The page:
The thyroid gland is one of the earliest endocrine glands to develop in the human embryo. It descends from the foramen cecum at the base of the tongue to the front of the neck in close relation to the hyoid bone via the Thyroglossal duct. Thyroglossal duct remnants, most commonly a cyst, develops due to incomplete atrophy of the duct which usually occurs by the 7th fetal week of gestation. Thyroglossal cysts constitute more than 75% of childhood midline neck masses. It is rare in the adult population (7%).

It clinically presents as a soft/firm/hard/fluctuant mass that is generally movable in the midline of the neck. Thyroglossal cysts occur along the Thyroglossal tract; Thyro-hyoidal (61%), supra-hyoid (24%), supra-sternal (13%), and intra-lingual region (2%). The development of malignancy in Thyroglossal cyst is uncommon and approximately 200 cases are reported in the literature since its first description in 1911. Papillary carcinoma is the most common histological type of (80%) malignancy that occurs in Thyroglossal cyst.

Infrequently squamous, follicular, mixed papillary/follicular, Hürthle cell and anaplastic carcinoma have been reported. Patel et al’s analysis: Patients treated with simple excision (10-yr survival 75%) had a worse prognosis than those with Sistrunk's procedure (100%). Recently, prognostic risk group assessments are used to identify patients who would benefit from additional total thyroidectomy.

Plaza et al. identified high risk factors: (a) age >45 years, (b) past radiation exposure, (c) presence of tumor in the thyroid gland on radiological evaluation, (d) presence of clinical/radiological nodes, (e) tumor >1.5 cm in diameter, (f) cyst-wall invasion, and (g) positive margins on Histopathological examination as indicators for additional total thyroidectomy with radioiodine and suppressive hormone therapy.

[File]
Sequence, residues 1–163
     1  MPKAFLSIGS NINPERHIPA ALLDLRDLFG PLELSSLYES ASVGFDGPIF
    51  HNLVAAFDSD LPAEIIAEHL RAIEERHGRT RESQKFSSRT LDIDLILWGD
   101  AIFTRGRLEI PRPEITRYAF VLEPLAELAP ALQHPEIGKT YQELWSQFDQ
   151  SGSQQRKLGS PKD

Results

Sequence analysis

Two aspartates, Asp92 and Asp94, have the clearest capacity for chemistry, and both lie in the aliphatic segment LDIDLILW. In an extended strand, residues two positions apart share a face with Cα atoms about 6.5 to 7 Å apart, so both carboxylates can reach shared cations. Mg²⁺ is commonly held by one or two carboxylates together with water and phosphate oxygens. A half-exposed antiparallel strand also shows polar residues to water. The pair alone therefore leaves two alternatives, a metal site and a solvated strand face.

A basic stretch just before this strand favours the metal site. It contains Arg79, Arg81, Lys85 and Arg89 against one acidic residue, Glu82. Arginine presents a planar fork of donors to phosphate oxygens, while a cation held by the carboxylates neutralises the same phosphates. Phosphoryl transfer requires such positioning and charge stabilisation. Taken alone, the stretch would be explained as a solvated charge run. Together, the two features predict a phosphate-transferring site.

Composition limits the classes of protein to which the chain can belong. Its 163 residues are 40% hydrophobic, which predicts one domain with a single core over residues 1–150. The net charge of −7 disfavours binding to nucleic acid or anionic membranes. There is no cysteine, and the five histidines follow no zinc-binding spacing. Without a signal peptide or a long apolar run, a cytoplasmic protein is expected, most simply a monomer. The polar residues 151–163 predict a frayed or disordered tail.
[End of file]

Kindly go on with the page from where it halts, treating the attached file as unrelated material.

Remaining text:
Additional factors that guide therapy/risk assessment include; (a) gender, (b) tumor characteristics such as histological grade/type, (c)tumor focality, (d) lympho-vascular invasion. In the present case report the diagnosis of a carcinoma in a Thyroglossal cyst was incidental with no additional clinical or investigative evidence to suspect this preoperatively. (7) 

The diagnosis of primary TPC in a TDC is one of exclusion using the Widstrom criteria which include:

1)     Carcinoma should be in the wall of the Thyroglossal duct remnant.

2)     Carcinoma must be differentiated from a cystic lymph node metastasis by histological demonstration of a squamous or columnar epithelium lining and normal thyroid follicles in the wall of the Thyroglossal duct remnant.

3)     There should be no malignancy in the thyroid gland or any other possible primary site.(8,9) 

This latter criterion is highly debated as 11–45% of all Thyroglossal duct remnant carcinoma cases have a synchronous thyroid carcinoma.



SOURCE: International Journal of surgery of case reports: 2013; 4(1); 58-61. (8), (9) The long-term management of these patients is based on their stratification of low, moderate, and high risk groups. The overall prognosis for PC arising in TgC is excellent, long term clinical follow up with estimation of regular thyroglobulin levels, Scan and Ultrasound is recommended as papillary cancer is known to have a prolonged clinical course (>20 years).


CONCLUSION: Malignant growth occurring de Novo in either the cyst or the duct wall of the Thyroglossal cyst is a rare condition. Windstorm’s criteria aptly guide the clinician. Thyroglossal cyst malignancy should be borne in mind especially in case of adults and all the specimens should be examined serially to avoid missing the diagnosis. Owing to rarity of the condition, controversies do exist regarding optimal strategy to be adopted. Management of such cases thus needs to be dealt individually.



Fig. 3: H & E histology showing thyroid follicles showing complex branching papillae.


Fig. 3


Fig. 4: Histology showing nuclear pseudo inclusions and nuclear grooves suggestive of Papillary carcinoma of TGC.


Fig. 4